By Patty McNease, Director of Marketing with Homes.com
Recent reports forecast that smart home automation will turn into a $19 trillion industry in the ensuing years, led by Google’s recent $3.2 billion investment of Nest Labs, creators of smart thermostats and smoke detectors (Los Angeles Times).
This is an important fact for real estate professionals to know, because it won’t be long before it becomes commonplace that house hunters are inquiring as to whether or not smart home technology is installed.
A smart broker will learn the lingo now and understand how everything works, because a tech-savvy client may choose another direction if they feel their real estate agency isn’t keeping up with these technological advancements.
Many people are still confused about smart automated systems. Sure, they’ve seen them on TV and perhaps heard some people talking about them on social media sites. Some may even have family members or friends that have already implemented some of these into their home. It’s up to the real estate professional to alleviate their clients’ fears of the systems and become their all-knowing home technology advisor. Homes.com wants to help identify these trends with their smart home technology survey. Enter here to complete the brief, 10-question survey for your chance to win $250!
Growth of Smart Technology
A quick search through Google will show you thousands upon thousands of smart home automation tools and options on the market that range from the very simple to very complex. Something like a programmable thermostat is considered smart technology, with options to activate it from your mobile or tablet device.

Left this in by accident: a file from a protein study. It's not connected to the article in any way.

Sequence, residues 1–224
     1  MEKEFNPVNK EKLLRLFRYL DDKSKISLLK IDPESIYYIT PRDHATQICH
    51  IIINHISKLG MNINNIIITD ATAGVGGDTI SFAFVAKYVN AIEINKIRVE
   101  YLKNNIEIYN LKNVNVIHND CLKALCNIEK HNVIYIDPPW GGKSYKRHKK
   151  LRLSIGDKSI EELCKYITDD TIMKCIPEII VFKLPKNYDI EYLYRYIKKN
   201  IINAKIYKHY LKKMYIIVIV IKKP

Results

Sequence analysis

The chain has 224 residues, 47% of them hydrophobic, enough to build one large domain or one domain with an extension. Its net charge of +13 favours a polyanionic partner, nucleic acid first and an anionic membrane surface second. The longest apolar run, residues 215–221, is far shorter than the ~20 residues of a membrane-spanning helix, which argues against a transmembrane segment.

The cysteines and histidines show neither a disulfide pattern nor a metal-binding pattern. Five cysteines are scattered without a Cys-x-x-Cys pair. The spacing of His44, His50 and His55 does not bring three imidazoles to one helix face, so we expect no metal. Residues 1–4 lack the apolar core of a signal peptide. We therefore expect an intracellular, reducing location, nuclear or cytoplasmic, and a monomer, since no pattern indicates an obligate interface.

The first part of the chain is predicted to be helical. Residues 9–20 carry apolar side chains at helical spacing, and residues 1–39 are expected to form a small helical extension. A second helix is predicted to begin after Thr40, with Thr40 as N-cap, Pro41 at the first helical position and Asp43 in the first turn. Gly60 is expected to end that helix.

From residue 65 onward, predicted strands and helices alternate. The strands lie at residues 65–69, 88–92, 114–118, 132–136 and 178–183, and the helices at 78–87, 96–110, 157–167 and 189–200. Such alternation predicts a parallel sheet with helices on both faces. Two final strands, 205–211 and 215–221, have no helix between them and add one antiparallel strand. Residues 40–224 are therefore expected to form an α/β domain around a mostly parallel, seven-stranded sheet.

In fact, the ability to connect to a central system is the key to a successful smart home. This means that you would be able to control all the home’s systems and appliances through a click of a button.
Today’s automated systems can control all sorts of things in the home—HVACs, appliances, lights, locks, electronics and the security system—and it can all be done through apps on a phone or tablet.
Even if you are away from the home, you can call in and lock the doors, shut the blinds, turn on the dishwasher, dim the lights at night, record your favorite TV show, turn on your sprinkler system or control the temperature of the heating and air conditioning. Inside the home, control panels or your computer can allow you to do these same things and impress your guests.
More advanced smart homes may have security systems complete with cameras, motion sensors and a link to the local police station or a security company. New security automated systems are also now offering key cards and/or fingerprint identification in place of conventional locks, making it harder for someone to break in.
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